Symbols of the past and of the present in the carnival of Satriano
The Sunday prior to Mardi Gras, the streets of Satriano di Lucania (Potenza) fill with walking trees, bears on two feet and pale women dressed in black.
These three typical masks from the ancient local carnival tradition are Rumit (the hermit, that is the tree-man covered in ivy), Urs (the bear), and Quareseme (Lent, that is the woman in mourning).
One particular interpretation claims this tradition is rooted in the first half of the 15th century: in 1421, a beautiful aristocratic girl was raped by a group of young men from Satriano dressed in goat skins. The girl was a protégée of queen Joanna II of Anjou-Durazzo, who ruled over Naples from 1414 to 1435 and took revenge for the offense by having the whole town destroyed.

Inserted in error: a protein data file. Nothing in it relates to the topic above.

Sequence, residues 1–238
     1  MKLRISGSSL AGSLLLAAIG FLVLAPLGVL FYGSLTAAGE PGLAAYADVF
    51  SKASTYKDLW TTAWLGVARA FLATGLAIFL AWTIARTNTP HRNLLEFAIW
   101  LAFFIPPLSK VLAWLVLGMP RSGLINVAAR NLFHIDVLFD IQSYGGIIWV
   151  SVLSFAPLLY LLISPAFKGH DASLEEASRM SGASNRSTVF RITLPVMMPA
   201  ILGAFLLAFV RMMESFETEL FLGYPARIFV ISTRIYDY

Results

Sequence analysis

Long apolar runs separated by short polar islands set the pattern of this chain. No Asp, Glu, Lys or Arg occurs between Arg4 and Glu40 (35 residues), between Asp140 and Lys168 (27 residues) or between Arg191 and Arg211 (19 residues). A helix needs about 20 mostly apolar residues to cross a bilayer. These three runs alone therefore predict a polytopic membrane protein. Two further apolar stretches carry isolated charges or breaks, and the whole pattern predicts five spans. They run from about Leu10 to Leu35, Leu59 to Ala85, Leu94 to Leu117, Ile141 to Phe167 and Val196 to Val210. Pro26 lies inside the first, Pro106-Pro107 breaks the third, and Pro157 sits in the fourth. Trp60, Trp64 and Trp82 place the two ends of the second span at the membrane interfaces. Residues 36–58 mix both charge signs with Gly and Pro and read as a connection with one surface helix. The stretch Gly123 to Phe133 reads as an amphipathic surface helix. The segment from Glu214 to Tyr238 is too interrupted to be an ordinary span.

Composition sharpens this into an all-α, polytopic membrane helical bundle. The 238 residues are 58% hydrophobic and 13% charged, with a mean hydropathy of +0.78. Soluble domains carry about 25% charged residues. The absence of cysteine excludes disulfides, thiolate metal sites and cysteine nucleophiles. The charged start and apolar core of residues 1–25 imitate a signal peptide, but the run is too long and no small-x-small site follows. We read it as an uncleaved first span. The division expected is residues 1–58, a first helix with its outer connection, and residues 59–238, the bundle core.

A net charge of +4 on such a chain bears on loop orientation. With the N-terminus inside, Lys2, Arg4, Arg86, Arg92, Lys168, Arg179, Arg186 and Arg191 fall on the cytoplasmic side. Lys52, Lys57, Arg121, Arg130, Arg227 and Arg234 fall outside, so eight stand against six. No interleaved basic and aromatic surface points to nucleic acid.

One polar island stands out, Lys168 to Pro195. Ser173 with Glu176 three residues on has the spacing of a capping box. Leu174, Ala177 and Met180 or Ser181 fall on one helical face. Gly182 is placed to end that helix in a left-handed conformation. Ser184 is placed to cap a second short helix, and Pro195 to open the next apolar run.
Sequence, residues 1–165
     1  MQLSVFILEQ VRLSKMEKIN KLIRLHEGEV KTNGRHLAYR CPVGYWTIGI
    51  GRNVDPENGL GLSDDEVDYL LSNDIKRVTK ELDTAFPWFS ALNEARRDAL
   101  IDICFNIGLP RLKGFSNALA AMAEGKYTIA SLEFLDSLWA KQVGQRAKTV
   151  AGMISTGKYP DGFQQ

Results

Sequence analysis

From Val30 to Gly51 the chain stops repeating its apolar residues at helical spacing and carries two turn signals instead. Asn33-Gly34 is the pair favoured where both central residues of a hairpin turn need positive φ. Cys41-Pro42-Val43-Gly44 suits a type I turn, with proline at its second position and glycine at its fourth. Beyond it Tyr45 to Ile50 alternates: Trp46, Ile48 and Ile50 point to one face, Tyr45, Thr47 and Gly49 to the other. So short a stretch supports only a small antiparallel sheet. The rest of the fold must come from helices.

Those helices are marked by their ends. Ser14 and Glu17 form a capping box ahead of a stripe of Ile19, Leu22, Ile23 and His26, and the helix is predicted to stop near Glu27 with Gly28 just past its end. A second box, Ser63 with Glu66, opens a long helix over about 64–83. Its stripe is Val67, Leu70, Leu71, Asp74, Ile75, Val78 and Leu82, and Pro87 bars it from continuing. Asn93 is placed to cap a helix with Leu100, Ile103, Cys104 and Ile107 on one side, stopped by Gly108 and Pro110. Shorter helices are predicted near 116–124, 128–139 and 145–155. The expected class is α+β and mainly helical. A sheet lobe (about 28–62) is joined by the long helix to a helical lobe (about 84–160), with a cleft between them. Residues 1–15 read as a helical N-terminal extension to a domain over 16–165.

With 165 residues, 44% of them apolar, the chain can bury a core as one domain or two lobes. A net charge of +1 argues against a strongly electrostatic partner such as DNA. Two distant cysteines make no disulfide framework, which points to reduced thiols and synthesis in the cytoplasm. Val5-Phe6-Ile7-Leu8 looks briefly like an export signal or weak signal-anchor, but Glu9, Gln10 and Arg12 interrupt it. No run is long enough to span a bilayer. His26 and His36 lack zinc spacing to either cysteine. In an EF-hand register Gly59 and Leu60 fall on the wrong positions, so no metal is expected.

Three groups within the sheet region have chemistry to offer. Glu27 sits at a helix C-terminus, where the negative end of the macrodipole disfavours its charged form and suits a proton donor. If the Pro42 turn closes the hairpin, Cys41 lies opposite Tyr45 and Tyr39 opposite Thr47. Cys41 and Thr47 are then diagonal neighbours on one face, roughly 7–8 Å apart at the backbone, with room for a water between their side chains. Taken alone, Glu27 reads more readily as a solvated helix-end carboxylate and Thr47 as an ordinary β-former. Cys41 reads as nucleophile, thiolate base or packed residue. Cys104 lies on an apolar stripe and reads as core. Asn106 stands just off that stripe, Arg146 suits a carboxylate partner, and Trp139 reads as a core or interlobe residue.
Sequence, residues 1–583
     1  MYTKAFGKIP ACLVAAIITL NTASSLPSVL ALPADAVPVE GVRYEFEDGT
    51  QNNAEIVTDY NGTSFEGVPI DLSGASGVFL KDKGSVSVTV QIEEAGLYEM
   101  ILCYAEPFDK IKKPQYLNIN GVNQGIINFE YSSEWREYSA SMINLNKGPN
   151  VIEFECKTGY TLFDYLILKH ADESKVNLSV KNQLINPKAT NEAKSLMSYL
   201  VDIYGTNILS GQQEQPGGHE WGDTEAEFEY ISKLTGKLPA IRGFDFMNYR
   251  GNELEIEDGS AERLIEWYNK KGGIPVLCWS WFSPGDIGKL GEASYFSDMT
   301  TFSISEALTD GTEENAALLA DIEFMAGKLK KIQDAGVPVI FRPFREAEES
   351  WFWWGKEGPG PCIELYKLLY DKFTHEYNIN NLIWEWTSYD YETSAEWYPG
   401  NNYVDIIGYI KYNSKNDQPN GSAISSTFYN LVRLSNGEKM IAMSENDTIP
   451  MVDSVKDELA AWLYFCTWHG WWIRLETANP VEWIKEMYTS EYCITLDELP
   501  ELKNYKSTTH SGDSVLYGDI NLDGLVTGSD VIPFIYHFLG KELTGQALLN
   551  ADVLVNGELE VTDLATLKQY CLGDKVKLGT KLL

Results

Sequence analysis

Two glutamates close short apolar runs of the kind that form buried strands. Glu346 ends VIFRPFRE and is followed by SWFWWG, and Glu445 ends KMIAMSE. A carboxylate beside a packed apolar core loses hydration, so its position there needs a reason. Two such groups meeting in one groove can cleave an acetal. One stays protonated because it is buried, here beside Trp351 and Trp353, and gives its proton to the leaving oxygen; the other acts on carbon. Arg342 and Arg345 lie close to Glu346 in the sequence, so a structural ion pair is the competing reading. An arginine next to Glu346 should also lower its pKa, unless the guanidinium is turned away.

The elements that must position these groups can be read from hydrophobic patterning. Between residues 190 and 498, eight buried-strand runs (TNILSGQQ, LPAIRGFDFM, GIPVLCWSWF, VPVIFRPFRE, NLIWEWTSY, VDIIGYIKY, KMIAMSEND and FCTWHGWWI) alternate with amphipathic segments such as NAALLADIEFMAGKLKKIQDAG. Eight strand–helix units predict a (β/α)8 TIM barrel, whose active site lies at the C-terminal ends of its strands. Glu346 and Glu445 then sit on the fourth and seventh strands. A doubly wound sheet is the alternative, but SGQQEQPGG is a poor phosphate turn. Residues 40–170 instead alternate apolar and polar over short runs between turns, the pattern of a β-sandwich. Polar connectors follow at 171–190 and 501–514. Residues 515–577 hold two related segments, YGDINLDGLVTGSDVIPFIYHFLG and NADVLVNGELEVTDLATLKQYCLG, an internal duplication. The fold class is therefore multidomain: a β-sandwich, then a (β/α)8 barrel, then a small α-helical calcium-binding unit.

The three masks are symbols of those events: the crime perpetrated by the young men dressed in animal skins (the bears) and its consequences – widespread poverty (the hermits) and sadness (the women dressed in black).
Yet symbols change meaning over time, and today those organizing the carnival have the 131 tree/hermits peacefully invading Satriano – one for each municipality in Basilicata – to promote environmental awareness, by touching the doors of each home with a branch of holly on a stick.
The event is held on Saturday, February 25 and Sunday, February 26 2017.
Photos via: ©Simona Fossi